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Latest Publications

Here are the latest publications from NDSU Extension.

Comparing Value of Feedstuffs

Determining the nutrient concentration and cost of each nutrient in feedstuffs allows producers to evaluate ration quality and cost. In addition, cost determination can be very helpful when deciding which feed to purchase in cases of differing asking prices and nutrient quality.

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Dry Bean Production Guide

Dry bean is a food crop that requires the producers to provide special cultural management and attention. Proper management is essential from cultivar selection, field selection and planting through harvest, plus marketing for maximum profitability. This guide helps producers meet those production challenges.

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North Dakota Field Crop Insect Management Guide

This guide summarizes the insecticides/miticides registered in North Dakota for control of insect or mite pests of filed crops. Scouting and economic thresholds are listed for the major pest. Keeping in mind that chemical control is only part of an Integrated Pest Management approach. The most effective control may involve integrating culture, host plant resistance and other strategies.

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Soybean Soil Fertility

All of NDSU soil fertility recommendations now have no yield-based formulas. The soybean fertility recommendations were modified to be in line with these new guidelines.

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Questions and Answers About Storing Fresh Fruits and Vegetables

A food safety study was conducted with 58 international students from 30 different countries at North Dakota State University. Participants indicated the kind of food safety information they would like to get to help them safely handle new and unfamiliar foods they encountered in the U.S. Many of the participants asked for information about food storage, preserving leftovers, proper handling of salads and fresh vegetables, and the safety of processed and frozen foods

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Harvest Health at Home: Rate Your Fiber Fitness

Fiber isn’t a “miracle food,”but adding fiber-rich foods to your diet can have health benefits. The National Cancer Institute suggests that foods high in fiber may be protective against some cancers, particularly colon cancer. Although the National Cancer Institute recommends getting 20 to 35 grams of fiber per day. Soluble fiber (found in oats, dry edible beans, barley and fruits) helps lower blood cholesterol and may reduce the risk of heart disease. Insoluble fiber (found in wheat bran, whole-wheat products and vegetables) helps prevent ulcers, constipation, hemorrhoids and diverticulosis. High fiber foods usually are low in calories and many are inexpensive, too.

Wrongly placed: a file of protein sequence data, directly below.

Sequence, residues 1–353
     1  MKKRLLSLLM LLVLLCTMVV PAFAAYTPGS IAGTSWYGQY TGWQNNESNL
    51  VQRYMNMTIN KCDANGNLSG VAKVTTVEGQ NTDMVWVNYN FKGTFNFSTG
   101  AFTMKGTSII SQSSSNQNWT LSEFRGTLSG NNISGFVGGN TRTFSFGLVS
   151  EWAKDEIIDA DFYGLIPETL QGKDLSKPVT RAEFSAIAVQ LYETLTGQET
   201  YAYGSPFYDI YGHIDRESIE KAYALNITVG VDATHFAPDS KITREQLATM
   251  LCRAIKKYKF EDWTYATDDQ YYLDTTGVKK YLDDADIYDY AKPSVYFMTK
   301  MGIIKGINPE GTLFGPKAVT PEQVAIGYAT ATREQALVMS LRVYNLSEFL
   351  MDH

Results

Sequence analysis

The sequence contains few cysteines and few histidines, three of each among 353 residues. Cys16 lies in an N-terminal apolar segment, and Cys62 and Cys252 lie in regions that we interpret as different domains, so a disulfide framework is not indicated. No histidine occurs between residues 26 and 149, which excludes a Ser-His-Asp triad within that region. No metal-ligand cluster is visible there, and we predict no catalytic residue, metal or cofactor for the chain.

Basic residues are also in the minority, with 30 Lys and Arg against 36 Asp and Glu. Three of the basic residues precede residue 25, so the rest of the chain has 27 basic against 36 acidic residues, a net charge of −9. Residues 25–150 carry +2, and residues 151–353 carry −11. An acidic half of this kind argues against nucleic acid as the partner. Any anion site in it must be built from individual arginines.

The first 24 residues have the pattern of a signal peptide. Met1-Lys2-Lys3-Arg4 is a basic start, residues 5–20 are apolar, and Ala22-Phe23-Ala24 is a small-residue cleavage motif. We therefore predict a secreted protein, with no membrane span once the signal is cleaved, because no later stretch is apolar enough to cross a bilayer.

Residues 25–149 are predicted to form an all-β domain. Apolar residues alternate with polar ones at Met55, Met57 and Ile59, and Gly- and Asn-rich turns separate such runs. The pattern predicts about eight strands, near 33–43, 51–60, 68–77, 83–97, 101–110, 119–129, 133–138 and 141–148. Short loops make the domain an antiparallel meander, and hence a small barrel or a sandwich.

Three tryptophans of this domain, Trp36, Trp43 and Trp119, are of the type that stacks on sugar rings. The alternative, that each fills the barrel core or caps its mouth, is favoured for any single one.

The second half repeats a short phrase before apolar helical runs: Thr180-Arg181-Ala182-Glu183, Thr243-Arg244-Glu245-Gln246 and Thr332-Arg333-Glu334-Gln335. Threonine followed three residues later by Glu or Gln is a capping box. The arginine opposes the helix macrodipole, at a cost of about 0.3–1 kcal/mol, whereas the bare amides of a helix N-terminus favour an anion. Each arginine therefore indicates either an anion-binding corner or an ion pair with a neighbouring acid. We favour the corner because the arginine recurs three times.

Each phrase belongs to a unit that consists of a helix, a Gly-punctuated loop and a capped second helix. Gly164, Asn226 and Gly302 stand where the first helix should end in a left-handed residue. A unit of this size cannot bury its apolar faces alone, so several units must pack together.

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Seniors and Food Safety: Why are Seniors at Risk for Foodborne Illness?

James L. Smith, a microbiologist with the U.S. Department of Agriculture, wanted to find the answer to the question of why seniors are more at risk for foodborne illness. He reviewed data from foodborne outbreaks at nursing homes, and compared the immune and digestive systems of seniors and younger individuals, as well as evaluating the overall physical well-being of seniors.

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References and Resources for Addressing Youth Issues

Numerous youth issues are highlighted in this single publication. Each topic area includes a list of current references and resources specifically focusing on the particular youth issue. Included are websites, NDSU Extension publications and programs, brochures, lesson guides, fact sheets, videos and more. Each reference and resource is followed by a short description.

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Family Caregiving: Helpful Resources for Family Caregivers

One of the most important aspects of managing life as a family caregiver is accessing useful resources that can provide needed knowledge and skills. The list of helpful resources below provides information about educational materials and support organizations related to family caregiving. It is not exhaustive but instead provides a beginning point for those involved in family caregiving.

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Family Caregiving: Tips for Reducing Stress for Family Caregivers

Caregiving provided to aging family members or others in need often is associated with stress and burnout. Although providing direct care to a family member or someone else can result in significant stress, remember that this experience can have positive benefits as well. Consider the rewards and challenges of the caregiving experience honestly.

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Family Caregiving: Key Support Resources in Family Caregiving

Support and resources in the caregiving process come in many forms: prayer, talking to family or friends, visits with professionals or assistive equipment. One of the most important aspects of managing life as a caregiver is accessing useful resources that can provide needed knowledge, skills or assistance.

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Family Caregiving: Planning for Care for You or a Loved One

The time to plan for the care needs of yourself, a family member or another you care about is before the person might need it. At the least, planning often can occur before the care needs become more significant. Planning for care involves strategies such as assessing the situation, discussing the big concerns and forming a support or caregiving team.

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